SANTA ANA (CBSLA/AP) – In an emergency meeting Friday, the Orange County Board of Supervisors Orange County voted in favor of seeking a temporary restraining order to block a controversial needle exchange program which is scheduled to take effect on Monday.

The nonprofit Orange County Needle Exchange Program, which was approved by the California Department of Public Health Tuesday and has been met with significant opposition, would offer clean needles in Anaheim, Costa Mesa, Orange and Santa Ana for a period of two years, according to the O.C. Register. This marks the second time the OCNEP will operate a needle exchange. Earlier this year, its program in Santa Ana was shut down by city officials.

Orange County Board Chairman Andrew Do said he believes officials in those cities will join the county’s litigation.

Needle exchanges seek to provide drug users with clean needles to prevent the spread of infectious diseases, like HIV and hepatitis C.

The California Department of Public Health, Office of AIDS authorized the program in a recent letter, saying there is a need to address the spread of diseases. State officials, however, advised the nonprofit organization running the program to work with the Orange County Health Care Agency to reduce the level of discarded needles.

And the state pledged to keep working with local leaders on the used-needle litter issue.

“The city remains deeply concerned about the program, its proximity to Santa Ana schools, and the failure to put in place stronger exchange provisions that would reduce the danger of abandoned syringes,” the city of Santa Ana wrote in a news release earlier this week. “The new authorization does require an independent evaluator to assess syringe litter and report findings to CDPH, OA which could result in additional efforts to address syringe litter.”

State officials said in the letter authorizing the program that there “is a public health need for these services due to the significant risk for transmission of HIV and hepatitis C among people who inject drugs in Orange County.”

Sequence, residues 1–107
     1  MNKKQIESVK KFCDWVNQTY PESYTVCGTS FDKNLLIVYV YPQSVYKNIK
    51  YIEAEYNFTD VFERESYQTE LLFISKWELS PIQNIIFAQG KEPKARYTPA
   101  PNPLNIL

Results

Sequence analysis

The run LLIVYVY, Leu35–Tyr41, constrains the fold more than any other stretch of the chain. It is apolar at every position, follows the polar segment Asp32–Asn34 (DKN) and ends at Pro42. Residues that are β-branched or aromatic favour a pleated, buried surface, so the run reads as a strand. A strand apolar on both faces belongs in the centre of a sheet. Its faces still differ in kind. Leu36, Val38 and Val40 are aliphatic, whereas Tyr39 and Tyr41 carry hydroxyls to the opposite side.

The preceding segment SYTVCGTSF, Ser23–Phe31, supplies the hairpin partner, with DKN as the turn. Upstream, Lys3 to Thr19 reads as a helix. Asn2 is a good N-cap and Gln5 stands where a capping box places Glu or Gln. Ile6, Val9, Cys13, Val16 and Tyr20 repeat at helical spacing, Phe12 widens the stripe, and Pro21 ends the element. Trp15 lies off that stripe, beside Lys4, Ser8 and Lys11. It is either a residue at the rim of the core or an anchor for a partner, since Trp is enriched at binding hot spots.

Orange County has been deemed “among the California counties most vulnerable to rapid spread of injection drug use-related HIV and HCV infections,” state officials wrote.

“Newly reported cases of chronic hepatitis C increased by 201 percent between 2011-15 in Orange County, and the rate of newly diagnosed HIV cases per 100,000 population increased by 24 percent between 2012 and 2016,” the state said in the letter.

Also, “very few” pharmacies in the county provide non-prescription syringe sales, according to the state.

In January, the OCNEP, the county’s first and only needle exchange program, was shut down after Santa Ana city officials denied its permit application.

Kyle Barbour, co-founder of the OCNEP, said the nonprofit’s application was denied by the city. The Register reported at the time that the city contended the move was necessary because officials believe discarded syringes littering the streets pose a public health risk.

Supervisor Todd Spitzer said he supports a lawsuit to stop the program.

“I think we’re going to have to look at all of our legal remedies,” Spitzer said.

Spitzer acknowledged that the spread of communicable diseases is a “public health issue that has to be addressed,” but said a needle exchange program is the wrong way to address it.

(© Copyright 2018 CBS Broadcasting Inc. All Rights Reserved. The Associated Press contributed to this report.)

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